I want to see what your thoughts are on putting a pool table in a room with a post that I know will get in the way.
I want to put a 8' pool table in the basement. Length is not an issue with 17+ feet. Width isn't an issue either except for a post that is 12 feet from the wall width wise and about 10 feet length wise.
Is this going to be that big of a deal? Does anyone have a similar situation you care to share?
I am sure everyone is going to say "I wish it wasn't there" but would you rather not have the pool table at all? Is it that inconvenient?
- BilliardsBill on 8/14/2012 8:37:18 AM
I would definitely get the table. Better to have one than to not have one. You could get a short cue for times when you are stuck shooting with the post in your way. It may not be ideal, but you'll get used to it.
- quiltface on 8/14/2012 8:43:51 AM
hey thanks for the reply, do you have a similar situation? or had?
i was browsing around and saw this cue for such situations anyone had experience with these?
- Mitch Alsup on 8/14/2012 9:50:34 AM
I have a cut (wall) out of my otherwise tight room.
I have a short stick that can be used to make shots here, but in general, I made up a rule whereby:
- after declaring a shot
- demonstrating that the cue hits the wall,
- relief is given by moving the CB along the path it would have taken towards the declared shot.
- quiltface on 8/19/2012 7:20:51 PM
what are your room dimensions? are you talking a 8x4 table?
- Fenwick on 8/27/2012 12:02:33 PM
A quote from a search, Question about support posts in basment........
"A structural engineer can have a beam designed to carry your house's weight with out those posts. Not inexpensive work."
I don't believe everything I read but I've seen posts moved and relocated. I've also seen removable posts. Take it out, put it back. It has a threads on top so you could loosen it and tighten it when done.
I would consider moving and adding but removing, no way.
Same search turned up some advice. "We strongly advise against removing a column without a Structural Engineer."
- Mitch Alsup on 8/27/2012 3:33:05 PM
I mentioned my wall in my pool table roo, above.
Originally, I was going to knock out the wall since it was short, and not directly supporting "much" as it was not on the beam line of the foundation,... But when I got up into the attic I found out that wall was supporting the A/C.
I know enough about structural engineering that I knew the support provided from the wall could not be removed with long term "good results". I do know how to add a diagonal post, and jack up the load while installing. But it gives the room a decidedly art-deco look that does not work with the rest of the house (excepting perhaps at Halloween.)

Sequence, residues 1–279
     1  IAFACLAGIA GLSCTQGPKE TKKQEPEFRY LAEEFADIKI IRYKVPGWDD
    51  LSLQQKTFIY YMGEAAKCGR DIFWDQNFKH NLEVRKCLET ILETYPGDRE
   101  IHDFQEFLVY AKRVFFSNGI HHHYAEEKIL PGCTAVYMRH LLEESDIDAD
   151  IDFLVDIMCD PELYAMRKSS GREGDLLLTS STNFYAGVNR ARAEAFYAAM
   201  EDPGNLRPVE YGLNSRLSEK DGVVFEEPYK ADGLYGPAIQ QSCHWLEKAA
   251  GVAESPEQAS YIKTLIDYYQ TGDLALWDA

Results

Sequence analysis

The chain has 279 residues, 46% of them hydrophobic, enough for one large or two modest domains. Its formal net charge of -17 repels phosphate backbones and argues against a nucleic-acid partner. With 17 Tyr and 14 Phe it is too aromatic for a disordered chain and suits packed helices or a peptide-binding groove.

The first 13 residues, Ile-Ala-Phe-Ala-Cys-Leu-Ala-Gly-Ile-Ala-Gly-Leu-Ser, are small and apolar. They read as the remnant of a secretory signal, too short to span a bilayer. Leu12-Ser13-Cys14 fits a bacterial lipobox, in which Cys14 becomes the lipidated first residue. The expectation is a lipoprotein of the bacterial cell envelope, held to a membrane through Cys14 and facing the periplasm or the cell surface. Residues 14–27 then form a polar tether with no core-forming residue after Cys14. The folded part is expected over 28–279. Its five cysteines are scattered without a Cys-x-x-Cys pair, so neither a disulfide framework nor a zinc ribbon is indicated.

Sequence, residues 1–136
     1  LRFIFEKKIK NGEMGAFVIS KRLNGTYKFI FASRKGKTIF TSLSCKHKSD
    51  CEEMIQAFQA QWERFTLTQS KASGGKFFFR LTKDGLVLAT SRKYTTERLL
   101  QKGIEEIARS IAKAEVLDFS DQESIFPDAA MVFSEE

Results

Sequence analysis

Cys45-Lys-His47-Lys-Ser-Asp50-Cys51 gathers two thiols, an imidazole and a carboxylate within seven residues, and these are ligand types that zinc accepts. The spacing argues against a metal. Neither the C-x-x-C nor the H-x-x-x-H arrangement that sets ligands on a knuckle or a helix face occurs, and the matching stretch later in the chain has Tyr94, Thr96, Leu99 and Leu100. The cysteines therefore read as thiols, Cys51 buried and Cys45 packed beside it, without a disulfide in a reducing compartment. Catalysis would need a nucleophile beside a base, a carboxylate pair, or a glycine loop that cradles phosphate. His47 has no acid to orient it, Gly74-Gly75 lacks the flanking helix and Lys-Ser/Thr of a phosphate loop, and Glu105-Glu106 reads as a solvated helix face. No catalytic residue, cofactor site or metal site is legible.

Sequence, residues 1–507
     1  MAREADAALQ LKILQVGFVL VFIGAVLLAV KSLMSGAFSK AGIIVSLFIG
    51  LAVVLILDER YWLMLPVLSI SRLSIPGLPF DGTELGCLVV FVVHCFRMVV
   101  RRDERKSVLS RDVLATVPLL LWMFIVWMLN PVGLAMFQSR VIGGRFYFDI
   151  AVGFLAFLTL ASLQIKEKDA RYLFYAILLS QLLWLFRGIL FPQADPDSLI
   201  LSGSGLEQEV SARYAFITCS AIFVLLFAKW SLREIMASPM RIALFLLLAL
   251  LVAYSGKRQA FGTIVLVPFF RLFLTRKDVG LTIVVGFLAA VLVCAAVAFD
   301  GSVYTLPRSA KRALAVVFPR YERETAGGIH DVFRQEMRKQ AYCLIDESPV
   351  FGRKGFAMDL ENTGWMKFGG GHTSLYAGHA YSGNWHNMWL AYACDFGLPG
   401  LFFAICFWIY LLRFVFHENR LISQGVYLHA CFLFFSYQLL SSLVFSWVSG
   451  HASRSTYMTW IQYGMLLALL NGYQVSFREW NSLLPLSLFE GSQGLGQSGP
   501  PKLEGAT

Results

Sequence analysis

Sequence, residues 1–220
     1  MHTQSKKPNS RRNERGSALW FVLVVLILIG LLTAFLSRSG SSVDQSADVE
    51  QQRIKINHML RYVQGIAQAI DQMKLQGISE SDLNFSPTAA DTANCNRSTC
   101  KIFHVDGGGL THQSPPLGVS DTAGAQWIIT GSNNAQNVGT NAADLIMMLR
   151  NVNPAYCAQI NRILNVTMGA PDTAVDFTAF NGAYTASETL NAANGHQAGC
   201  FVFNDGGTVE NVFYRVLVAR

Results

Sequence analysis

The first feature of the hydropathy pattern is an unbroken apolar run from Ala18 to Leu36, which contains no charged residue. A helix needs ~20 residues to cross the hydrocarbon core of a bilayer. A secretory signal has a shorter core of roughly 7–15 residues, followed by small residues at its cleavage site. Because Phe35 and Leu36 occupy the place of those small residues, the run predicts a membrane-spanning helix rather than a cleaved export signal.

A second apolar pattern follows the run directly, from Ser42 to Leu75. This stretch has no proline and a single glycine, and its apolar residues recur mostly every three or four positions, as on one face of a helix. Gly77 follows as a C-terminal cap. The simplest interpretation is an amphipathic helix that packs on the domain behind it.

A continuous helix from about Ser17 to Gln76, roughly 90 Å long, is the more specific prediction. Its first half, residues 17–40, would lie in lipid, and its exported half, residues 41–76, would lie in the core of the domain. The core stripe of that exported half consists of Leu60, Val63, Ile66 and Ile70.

So, for now, the wall stays, and I just use liberal rules of relief when the wall causes interference.
- Zeke on 8/30/2012 6:55:17 AM
Most basement "columns" are installed to allow a floor joist load from above - typically carried by two or three sistered 2 x something members, to eliminate sag and structural weakness in spans over 12'.
A competent builder, architect or framer would know how to open the ceiling (assuming it's already rocked and painted) and cut back the butted, perpendicular joist members - allowing a third or fourth floor girder to be added - or better yet what's called a "fletch plate" (steel plate ~ 1/2" thick by whatever center girder height is already in place), add one member to the steel to sandwich it in between - and eliminate the support post altogether.
I would think such a job would run around $1,000 - probably less if yo live in a rural area.
Having been involved in such a project on two occasions, the steel "plate" would run around $200-300.
If yo use the table for a thousand years, that's only a dollar a year to have an "open basement with no obstructions." ;-)
- DsmithBFL on 6/20/2013 3:32:01 AM
I personally don't think its gonna be that big of a deal. It is completely manageable. However, i would advise treading the entire billiard setup carefully. Even if there were any tight spaces, you must be careful with your cues.
- tasha_silvester on 7/3/2013 3:06:05 AM
I think the dimensions you mentioned are perfect for fitting an 8' pool table in your room.
- Zeke on 7/8/2013 7:08:25 PM
Many times a builder will throw in a lolly column if he's not sure about spans and dead loads to C/H/A.
They may not be required at all. The floor above without out it however, might noticeably "bounce."
Your building official gets the big bucks. Ask him to stop by on his way home and show him the span. Buy him a beer, and you'll get all you need ;)